6 Cloud Computing and HIPAA Privacy and Security just a CE) should be sure it has appropriate contractual provisions in place to prevent data from being breached or otherwise falling into the wrong hands after a contract with a cloud provider ends (see Practice Note, HIPAA Privacy Rule). Requirements for secure data deletion, on the cloud user's request, should be considered for inclusion in any contract with a cloud provider. Intellectual Property Rights Some cloud provider contracts are so broad that they purport to grant the provider rights in any intellectual property that is uploaded to the provider's servers. The risks inherent in these provisions are obvious, and any cloud user (not just CEs) should avoid giving away its intellectual property. Encryption Under the HIPAA security regulations, encryption (at rest and in transmission) is an addressable implementation specification (see Practice Note, HIPAA Security Rule). Regardless of whether a CE has encrypted its PHI before moving it to the cloud, it should contract for automatic encryption of everything that it uploads with: A robust encryption algorithm. Keys of specified strength. Clear provisions covering key management and access. Encryption adds a layer of protection and, if the encryption is done in a manner that meets HHS requirements, the PHI is not subject to the breach notification obligations put in place by the HITECH Act (see Practice Note, HIPAA Privacy Rule: Notification of Breach of Unsecured PHI). The cloud provider usually keeps a copy of the encryption key so that it can assist the customer in the event of access problems. There are also technological solutions that: Allow a user to encrypt all information before it is uploaded to the cloud provider. Keep the data encrypted while it is at rest on the provider's servers, with the user holding the encryption key. Whether these solutions will become widely used remains to be seen, but in the event of an access issue, they would make it difficult for the cloud provider to assist the user. Data Location Although the HIPAA privacy and security regulations do not require PHI to be maintained within the US, a contract provision prohibiting the cloud provider from moving data outside the US may avoid problems. Data protection requirements outside the US vary widely and often differ from US requirements, and storing data outside the US can trigger application of the laws of other countries. Risking less legal protection is undesirable, but so is risking the application of laws that may require significantly different rules with which the CE or other cloud user is not familiar. In addition, in the event of litigation, data that is subject to non-us laws may: Give rise to issues of personal jurisdiction, venue and service of process. Require the retention of counsel authorized to practice in the courts of the country where the data is stored. Service Level Agreements with Cloud Providers Contracts with cloud providers should always include, either as part of the contract itself or as an appendix or exhibit to the contract, SLAs that document: The metrics by which the provider's performance will be measured. The penalties that the cloud provider will pay for failure to meet the metrics. The subjects to be addressed in SLAs will depend, in part, on the type of services the user is purchasing from the cloud provider. For example, while all cloud users will want to address service availability, users of SaaS (see Software as a Service) will also want to include SLAs that address the timing of installation of software updates and patches. All agreements with cloud providers should include SLAs that address the following issues, among others. Availability Availability refers to the ability to access and use the cloud services. One of the underlying assumptions of cloud services, and a selling point, is that the cloud allows users to access data at any time, so that workers in different time zones or with diverse work schedules can be accommodated. But the definition of availability in the SLAs is important, and even a promise of 100% availability (except for scheduled downtime) might be misleading. For example, it may be unclear whether the SLAs define the service as available when: The cloud network is functioning and responsive, even though a user cannot access specific files. The specific files can be accessed but the system is slow in responding. In addition to defining availability carefully, the metrics for availability should also be defined. As two examples: There is a big difference between loading a file of a specified size within five seconds and within 30 seconds. A metric that defines unavailability as failure to load a file after three requests is much less satisfactory than a metric that requires only one failed request. Methods of measurement, and burden of proof, are also important. If the cloud user must notify the service provider of alleged unavailability, and provide evidence, the SLAs might be worthless. However, if there is a third-party availability monitoring system in place, the user's burden will be substantially lessened. The cloud provider should specifically address: The percentage of time that systems and data will be available. The maximum of planned downtime or scheduled outages (for example, for system maintenance). The schedule of planned downtime. Use of PLC websites and services is subject to the Terms of Use (http://us.practicallaw.com/ ) and Privacy Policy (http://us.practicallaw.com/ ). 6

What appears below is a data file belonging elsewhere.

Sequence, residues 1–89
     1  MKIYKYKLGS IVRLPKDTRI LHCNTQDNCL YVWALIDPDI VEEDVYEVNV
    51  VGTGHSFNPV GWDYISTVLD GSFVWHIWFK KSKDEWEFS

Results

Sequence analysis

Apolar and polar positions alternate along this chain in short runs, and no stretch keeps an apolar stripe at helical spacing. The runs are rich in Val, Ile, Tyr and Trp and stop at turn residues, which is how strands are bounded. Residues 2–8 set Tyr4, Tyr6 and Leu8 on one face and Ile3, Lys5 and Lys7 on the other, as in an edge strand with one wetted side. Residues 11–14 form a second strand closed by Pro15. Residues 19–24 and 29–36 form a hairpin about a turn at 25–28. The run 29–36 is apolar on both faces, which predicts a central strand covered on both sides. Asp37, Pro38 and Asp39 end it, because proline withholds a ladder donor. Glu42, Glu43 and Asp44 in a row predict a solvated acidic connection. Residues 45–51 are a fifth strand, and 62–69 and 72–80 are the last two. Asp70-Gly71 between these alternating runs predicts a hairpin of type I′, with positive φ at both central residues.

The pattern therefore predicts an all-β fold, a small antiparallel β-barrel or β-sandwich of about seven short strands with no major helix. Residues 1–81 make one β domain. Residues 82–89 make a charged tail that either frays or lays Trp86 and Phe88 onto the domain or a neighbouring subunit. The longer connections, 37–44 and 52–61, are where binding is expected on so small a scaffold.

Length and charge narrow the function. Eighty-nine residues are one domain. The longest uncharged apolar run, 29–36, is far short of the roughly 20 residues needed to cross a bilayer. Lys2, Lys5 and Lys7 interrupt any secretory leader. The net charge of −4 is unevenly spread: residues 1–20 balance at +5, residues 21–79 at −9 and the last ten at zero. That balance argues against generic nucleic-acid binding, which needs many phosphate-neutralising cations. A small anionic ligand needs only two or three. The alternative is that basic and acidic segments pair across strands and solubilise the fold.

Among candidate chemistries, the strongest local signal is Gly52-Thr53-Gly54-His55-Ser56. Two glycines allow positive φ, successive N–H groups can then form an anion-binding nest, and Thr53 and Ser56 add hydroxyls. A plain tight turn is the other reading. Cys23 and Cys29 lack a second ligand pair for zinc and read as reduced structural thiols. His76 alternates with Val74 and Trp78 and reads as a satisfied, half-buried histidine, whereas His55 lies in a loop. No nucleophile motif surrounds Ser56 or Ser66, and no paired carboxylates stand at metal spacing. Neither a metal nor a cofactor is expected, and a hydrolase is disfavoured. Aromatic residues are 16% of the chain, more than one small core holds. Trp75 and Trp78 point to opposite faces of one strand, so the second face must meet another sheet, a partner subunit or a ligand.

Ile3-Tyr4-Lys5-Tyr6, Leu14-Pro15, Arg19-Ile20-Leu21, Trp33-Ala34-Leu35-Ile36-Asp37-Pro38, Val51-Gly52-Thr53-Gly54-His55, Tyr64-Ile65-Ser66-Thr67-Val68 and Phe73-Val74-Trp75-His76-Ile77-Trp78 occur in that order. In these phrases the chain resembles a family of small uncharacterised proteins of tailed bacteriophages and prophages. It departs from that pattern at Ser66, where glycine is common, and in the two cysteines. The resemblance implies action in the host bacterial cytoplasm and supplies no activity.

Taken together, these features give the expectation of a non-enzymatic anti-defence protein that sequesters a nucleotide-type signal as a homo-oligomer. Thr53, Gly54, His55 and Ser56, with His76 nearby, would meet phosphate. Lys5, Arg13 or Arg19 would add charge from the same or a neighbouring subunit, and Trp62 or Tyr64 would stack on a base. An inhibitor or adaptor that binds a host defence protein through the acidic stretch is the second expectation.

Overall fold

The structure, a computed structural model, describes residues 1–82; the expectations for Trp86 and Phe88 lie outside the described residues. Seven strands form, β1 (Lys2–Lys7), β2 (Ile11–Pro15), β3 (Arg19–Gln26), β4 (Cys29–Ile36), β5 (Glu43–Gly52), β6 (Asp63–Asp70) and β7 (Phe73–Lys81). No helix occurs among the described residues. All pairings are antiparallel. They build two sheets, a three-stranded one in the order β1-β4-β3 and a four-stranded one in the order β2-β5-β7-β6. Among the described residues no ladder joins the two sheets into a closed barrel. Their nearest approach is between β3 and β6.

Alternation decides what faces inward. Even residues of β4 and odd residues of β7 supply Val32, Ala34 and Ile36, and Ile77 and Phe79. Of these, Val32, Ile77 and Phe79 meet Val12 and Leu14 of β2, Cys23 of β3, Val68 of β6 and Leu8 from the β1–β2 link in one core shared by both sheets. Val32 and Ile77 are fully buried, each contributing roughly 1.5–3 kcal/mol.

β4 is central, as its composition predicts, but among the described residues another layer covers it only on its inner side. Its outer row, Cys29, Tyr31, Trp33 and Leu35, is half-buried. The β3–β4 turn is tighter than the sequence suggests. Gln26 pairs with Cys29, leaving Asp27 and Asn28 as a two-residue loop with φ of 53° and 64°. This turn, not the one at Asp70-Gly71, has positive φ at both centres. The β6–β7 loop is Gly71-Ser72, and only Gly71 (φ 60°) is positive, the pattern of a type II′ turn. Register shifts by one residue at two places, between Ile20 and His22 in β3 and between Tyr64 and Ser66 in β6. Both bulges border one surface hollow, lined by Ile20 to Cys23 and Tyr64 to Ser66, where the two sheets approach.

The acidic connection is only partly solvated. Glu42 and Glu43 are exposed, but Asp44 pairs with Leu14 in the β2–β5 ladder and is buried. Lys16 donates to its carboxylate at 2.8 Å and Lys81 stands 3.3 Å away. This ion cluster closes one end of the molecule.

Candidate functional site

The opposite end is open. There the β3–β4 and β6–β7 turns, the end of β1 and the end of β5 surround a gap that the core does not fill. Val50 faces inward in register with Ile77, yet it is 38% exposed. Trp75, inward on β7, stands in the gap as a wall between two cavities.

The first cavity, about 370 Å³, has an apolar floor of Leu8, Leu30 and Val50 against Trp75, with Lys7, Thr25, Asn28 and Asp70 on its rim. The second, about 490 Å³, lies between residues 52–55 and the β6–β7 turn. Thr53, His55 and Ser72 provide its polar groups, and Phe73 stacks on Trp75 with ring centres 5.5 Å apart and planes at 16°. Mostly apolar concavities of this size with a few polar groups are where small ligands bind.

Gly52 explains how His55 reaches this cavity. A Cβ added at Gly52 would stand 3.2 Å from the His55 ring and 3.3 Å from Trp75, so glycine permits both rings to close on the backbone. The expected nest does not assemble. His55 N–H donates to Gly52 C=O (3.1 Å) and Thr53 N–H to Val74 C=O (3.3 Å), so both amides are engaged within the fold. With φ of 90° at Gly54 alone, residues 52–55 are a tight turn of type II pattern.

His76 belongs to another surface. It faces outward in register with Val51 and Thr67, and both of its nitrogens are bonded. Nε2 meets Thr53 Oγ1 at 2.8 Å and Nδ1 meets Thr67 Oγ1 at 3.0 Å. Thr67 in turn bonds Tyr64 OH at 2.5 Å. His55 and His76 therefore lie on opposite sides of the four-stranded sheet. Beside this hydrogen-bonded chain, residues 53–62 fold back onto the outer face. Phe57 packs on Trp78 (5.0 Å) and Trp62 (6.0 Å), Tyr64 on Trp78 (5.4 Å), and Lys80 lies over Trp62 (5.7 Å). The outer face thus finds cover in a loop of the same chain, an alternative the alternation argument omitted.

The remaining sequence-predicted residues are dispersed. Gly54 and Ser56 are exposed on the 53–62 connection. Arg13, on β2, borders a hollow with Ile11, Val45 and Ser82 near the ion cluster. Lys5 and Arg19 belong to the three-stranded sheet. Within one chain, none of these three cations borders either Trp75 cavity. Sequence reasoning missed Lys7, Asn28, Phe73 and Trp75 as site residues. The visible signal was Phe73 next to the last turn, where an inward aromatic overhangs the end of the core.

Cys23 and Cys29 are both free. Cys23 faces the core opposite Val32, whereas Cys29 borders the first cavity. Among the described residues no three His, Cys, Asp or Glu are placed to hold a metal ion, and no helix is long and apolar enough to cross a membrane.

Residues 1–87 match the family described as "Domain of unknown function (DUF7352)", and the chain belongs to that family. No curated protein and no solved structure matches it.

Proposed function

7 How availability will be calculated. It is common to see availability metrics approaching 100%, but the method of calculating availability might make those promises illusory. The time intervals for measuring availability vary and can range from a low of five minutes (so that a four-minute failure does not count against the availability metrics) to a high of one hour or more (so that a 59-minute failure does not count). Also, the period over which availability is measured can range from one billing cycle to a year or more. The longer the time interval and the longer the period for measuring availability, the more downtime the user may experience without the cloud provider failing to meet its SLAs. In addition, the definition of availability should be reviewed carefully, to determine whether it includes all response failures or is limited to response failures with specific causes. Data Deletion The SLAs should specify an outside time limit for deletion of data. While data deletion often occurs on a regular schedule, the metrics for data deletion in special cases (for example, if the user is served with a cease and desist order) might vary and the time limits might be relatively short. Customer Service Although one of the underlying principles of cloud computing is that there is relatively little interaction between the workforces of the user and the provider, there will always be events requiring person-to-person communication. For those events, the SLAs should place an outside limit on provider response time. Depending on the service model, this SLA might need to separately address: Call center response time. Technical support response time. System Response Speed A slow system is often as much of a problem as a system that is down. Therefore, while the availability metrics address system outages, the SLAs should also address the response speed of the systems. The appropriate metrics for system response speed will depend on the service model and the user's specific needs. Responsiveness to Load Changes Flexibility is one of the hallmarks of cloud services, and cloud users expect to be able to increase their usage rapidly and easily, within any contractual limits. The SLAs should address and limit any lag that may occur between: The user's upload of additional data. The cloud system's ability to accommodate the data. Disaster Recovery Time Cloud providers usually store users' data in multiple locations (both logically and geographically) to be able to respond to disasters and catastrophic outages or failures. The SLAs should place an outside limit on the time it will take the cloud provider to deliver availability on redundant systems. When availability is provided through redundant systems, there should also be a limit on how long it takes the cloud provider to return its other systems to availability so that any contractual terms regarding the number of redundant systems or copies of data are not violated. Other Issues Any provision in a cloud service contract that can be quantified can also be reflected in the SLAs. SLAs should also specify: How the penalties for failures to meet the metrics are calculated. How the penalties are received by the users (for example, as setoffs against fees owed by the user, no-fee extensions of services). When the penalties are received by the users (for example, setoffs against future fees or fees currently owed). For the links to the documents referenced in this note, please visit our online version at For more information on HIPAA compliance, search for the following resources on our website. Practice Notes: HIPAA Privacy Rule (http://us.practicallaw.com/topic ) Security Rule (http://us.practicallaw.com/topic ) Practical Law Company provides practical legal know-how for law firms, law departments and law schools. Our online resources help lawyers practice efficiently, get up to speed quickly and spend more time on the work that matters most. This resource is just one example of the many resources Practical Law Company offers. Discover for yourself what the world s leading law firms and law departments use to enhance their practices. To request a complimentary trial of Practical Law Company s online services, visit practicallaw.com or call